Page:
Facebook, Twitter, and Google were grilled this morning about their efforts to combat propaganda in the run up the 2016 US election by the Senate’s intelligence committee. Most of the questions focused, naturally, on Russia’s influence, because the Kremlin was specifically identified by US intelligence as trying to sway the vote.
Florida senator Marco Rubio, who takes a particular interest in Beijing’s attempts to curtail Chinese citizens’ free speech, focused for a moment on dissident Guo Wengui. Facebook said Oct. 1 it had taken down a page associated with Guo and stopped him from posting to his own account after he had posted someone else’s “personal identifier information.”
Did Facebook do so at the behest of Beijing, Rubio asked the company’s attorney Colin Stretch. Kind of, Stretch admitted.
“We did receive a report from a representative of the Chinese government about that account,” Stretch said. “We analyzed that report as we would any other, and took action based on our policies,” he said.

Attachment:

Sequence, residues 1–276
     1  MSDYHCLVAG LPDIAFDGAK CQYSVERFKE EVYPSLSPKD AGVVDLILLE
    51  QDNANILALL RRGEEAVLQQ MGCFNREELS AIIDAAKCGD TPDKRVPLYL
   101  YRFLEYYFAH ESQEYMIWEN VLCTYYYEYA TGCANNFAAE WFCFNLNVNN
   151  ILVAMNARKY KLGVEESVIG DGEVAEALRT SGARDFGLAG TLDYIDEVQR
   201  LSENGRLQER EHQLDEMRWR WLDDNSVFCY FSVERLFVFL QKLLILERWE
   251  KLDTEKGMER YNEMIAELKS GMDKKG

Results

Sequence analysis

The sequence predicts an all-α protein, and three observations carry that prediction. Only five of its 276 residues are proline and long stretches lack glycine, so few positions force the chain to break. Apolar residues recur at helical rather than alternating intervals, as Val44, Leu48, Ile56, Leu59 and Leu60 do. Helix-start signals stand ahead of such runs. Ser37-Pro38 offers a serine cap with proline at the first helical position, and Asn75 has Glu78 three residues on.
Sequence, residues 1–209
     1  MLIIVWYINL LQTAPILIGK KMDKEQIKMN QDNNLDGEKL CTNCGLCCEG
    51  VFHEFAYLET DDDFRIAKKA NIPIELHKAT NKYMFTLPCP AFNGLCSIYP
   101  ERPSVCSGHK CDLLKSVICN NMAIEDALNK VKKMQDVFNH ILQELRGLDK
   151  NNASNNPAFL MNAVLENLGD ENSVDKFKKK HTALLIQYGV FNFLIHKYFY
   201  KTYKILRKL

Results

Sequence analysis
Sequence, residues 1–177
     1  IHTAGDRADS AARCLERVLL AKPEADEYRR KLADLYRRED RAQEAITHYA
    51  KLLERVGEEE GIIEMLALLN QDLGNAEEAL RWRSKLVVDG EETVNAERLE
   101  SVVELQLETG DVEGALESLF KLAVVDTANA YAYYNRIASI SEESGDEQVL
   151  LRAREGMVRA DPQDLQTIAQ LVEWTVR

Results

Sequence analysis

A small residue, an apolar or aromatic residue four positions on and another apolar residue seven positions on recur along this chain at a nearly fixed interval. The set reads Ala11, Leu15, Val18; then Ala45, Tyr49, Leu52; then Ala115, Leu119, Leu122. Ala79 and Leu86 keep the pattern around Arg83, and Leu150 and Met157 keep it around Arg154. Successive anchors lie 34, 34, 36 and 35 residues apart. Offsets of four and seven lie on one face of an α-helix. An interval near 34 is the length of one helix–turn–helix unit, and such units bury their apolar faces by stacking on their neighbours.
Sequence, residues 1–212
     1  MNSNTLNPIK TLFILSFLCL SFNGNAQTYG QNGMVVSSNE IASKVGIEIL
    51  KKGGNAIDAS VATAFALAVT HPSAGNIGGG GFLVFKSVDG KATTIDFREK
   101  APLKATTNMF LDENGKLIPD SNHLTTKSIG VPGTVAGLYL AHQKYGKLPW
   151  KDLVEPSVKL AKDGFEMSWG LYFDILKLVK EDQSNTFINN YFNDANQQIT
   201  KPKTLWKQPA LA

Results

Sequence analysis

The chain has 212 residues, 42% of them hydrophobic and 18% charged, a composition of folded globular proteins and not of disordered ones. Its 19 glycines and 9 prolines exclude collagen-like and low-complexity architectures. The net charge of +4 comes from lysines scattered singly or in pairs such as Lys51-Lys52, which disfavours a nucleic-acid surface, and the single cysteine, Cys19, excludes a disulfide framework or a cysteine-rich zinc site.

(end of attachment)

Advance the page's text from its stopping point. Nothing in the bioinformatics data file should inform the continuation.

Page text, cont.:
The Chinese government has been trying to silence Guo, and to bring him back from the US to China, because he has been using social media to disseminate claims that elite government officials are corrupt. The wealthy businessman lives in a Manhattan penthouse surround by bodyguards.
Guo’s account was blocked because he published information about Wang Qishan, a member of the elite Politburo in charge of Beijing’s anti-corruption push, and Fan Bingbing, a movie star on his Facebook page, people briefed on his case say. He has alleged that Wang’s family amassed a fortune from dealings with Chinese conglomerate HNA, and that Fan was his mistress.
The company’s Community Standards only specify it will take action for “credible threats to public figures and hate speech directed at them.” A Facebook spokesman said when his account was blocked that “we don’t allow people to publish the personal information of others without their consent” and the company had no update today after the hearing.
Although Facebook is officially blocked in China, the Chinese government has a robust presence on the platform, mostly through state-owned media accounts, which claim to have tens of millions of Facebook fans. The Chinese government employs a veritable army of paid social media users to spread its message on Chinese networks that are jokingly called the “50 Cent party”.
There’s some evidence that the 50 Cent party is also colonizing foreign social media. Searching for Guo’s name on Twitter turns up a string of poorly-worded tweets disparaging him.
By Heather Timmons